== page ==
Then again, I might pick up a King novel in the near future and find the answer I am looking for, until then I guess I'll wait.

The whole story is wrapped up very nicely in the final segment, Heavenly Shades of Night are Falling, leaving me quite satisfied.

Hearts In Atlantis isn't a very typical King book and shows a reflection of where his story telling will lead in the 2000s (with books like Duma Key, Lisey's Story, and Blaze (although technically a Bachman book)). Even though the book was great, I wouldn't recommend this as a starting point for those Stephen King 'newbies' as I believe a lot of my appreciation stemmed from my previous enjoyment of his work.

The edition I read was ISBN: 0-671-02424-8

King, Stephen. Hearts In Atlantis. New York: First Pocket Books, 2000. Print.

Saturday, April 9, 2011


I am currently sat here in my living room taking a well earned break from trying to remember all of the novels, poems, and plays I have studied (since returning back to University in January) for some exams this coming week.

I realized, not to long into my studying, that; a) this would have been a lot easier if I had wrote about the texts straight after reading them, and b) I read way too much to really remember exactly how I feel about each piece when I look back on them months (or years) down the line. Although I could simply keep a little journal by the side of my bed, or in my bag, and record feelings, insights, and all the things in-between, I asked myself "Am I not from a self-centered generation that believes everybody wants to know everything that each person around them is thinking and doing?"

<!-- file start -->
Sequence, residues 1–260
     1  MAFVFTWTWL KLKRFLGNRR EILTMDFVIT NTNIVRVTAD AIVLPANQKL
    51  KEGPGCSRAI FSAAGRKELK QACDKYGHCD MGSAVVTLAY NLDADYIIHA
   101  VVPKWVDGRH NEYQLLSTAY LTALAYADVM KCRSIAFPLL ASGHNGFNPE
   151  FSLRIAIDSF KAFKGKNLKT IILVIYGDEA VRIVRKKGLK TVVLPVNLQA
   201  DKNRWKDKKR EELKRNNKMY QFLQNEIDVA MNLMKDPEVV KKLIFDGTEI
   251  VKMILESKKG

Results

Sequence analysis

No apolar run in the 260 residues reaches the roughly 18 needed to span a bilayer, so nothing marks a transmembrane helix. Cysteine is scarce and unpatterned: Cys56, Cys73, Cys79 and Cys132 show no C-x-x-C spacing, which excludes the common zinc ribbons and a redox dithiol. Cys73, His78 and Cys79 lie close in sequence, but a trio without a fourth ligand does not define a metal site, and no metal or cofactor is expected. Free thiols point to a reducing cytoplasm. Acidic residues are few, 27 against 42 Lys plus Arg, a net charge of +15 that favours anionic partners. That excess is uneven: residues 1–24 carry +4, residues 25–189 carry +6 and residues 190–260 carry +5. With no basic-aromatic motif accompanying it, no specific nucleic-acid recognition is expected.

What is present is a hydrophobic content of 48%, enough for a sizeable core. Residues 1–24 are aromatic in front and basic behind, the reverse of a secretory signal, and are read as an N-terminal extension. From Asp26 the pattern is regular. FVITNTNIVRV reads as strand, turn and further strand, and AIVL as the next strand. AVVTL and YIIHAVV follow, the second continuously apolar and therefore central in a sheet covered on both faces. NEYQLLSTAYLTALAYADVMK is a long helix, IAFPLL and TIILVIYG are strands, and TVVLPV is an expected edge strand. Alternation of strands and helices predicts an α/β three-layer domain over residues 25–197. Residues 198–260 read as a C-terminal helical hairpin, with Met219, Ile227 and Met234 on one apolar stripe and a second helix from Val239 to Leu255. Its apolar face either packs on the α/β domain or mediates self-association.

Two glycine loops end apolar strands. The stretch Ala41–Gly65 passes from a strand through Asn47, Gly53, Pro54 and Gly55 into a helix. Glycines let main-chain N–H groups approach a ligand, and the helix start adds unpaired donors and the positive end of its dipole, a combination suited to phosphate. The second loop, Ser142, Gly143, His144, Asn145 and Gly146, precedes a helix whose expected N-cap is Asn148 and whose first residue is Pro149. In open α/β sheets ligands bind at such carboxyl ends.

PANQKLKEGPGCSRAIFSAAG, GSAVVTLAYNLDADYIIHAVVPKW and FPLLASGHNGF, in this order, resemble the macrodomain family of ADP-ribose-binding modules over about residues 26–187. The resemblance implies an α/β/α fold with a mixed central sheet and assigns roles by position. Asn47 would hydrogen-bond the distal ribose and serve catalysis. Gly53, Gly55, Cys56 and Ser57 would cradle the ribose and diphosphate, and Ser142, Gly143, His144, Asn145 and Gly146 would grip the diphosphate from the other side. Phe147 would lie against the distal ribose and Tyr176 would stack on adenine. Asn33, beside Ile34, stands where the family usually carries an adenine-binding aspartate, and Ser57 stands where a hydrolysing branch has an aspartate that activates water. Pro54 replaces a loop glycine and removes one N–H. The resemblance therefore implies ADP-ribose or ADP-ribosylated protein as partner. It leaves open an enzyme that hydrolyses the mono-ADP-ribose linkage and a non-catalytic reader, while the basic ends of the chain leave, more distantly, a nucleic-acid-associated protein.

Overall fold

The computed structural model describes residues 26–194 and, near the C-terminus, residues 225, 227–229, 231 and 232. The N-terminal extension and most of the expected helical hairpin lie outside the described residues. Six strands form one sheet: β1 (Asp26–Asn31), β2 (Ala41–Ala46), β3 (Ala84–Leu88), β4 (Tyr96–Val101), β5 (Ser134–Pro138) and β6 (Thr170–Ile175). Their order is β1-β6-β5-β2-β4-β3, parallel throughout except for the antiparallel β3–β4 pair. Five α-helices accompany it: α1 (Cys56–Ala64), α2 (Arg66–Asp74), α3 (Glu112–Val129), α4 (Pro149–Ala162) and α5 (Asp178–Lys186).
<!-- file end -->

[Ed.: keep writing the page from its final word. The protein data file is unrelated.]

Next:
You bet I am!

So from now on, each novel or play I read I will be posted on this little blog. I am not sure if I will also cover any poems I read because I am not a huge fan of poetry (nothing against it- just a personal preference), but maybe the ones that I really enjoy. I do not promise to give any amazing insight to help you grow as a connoisseur of fine literature (not that everything I read could be counted as 'fine literature' anyway), or help you get an big A+ on a term paper, but maybe I will intrigue you to read something that you hadn't considered before!

Not everything I cover will be brand new to me, they may just be re-reads, but I will post when I've finished each text. So I won't be looking back at a text through the muggy glasses of time.

So for now, bye!

Matthew Dunleavy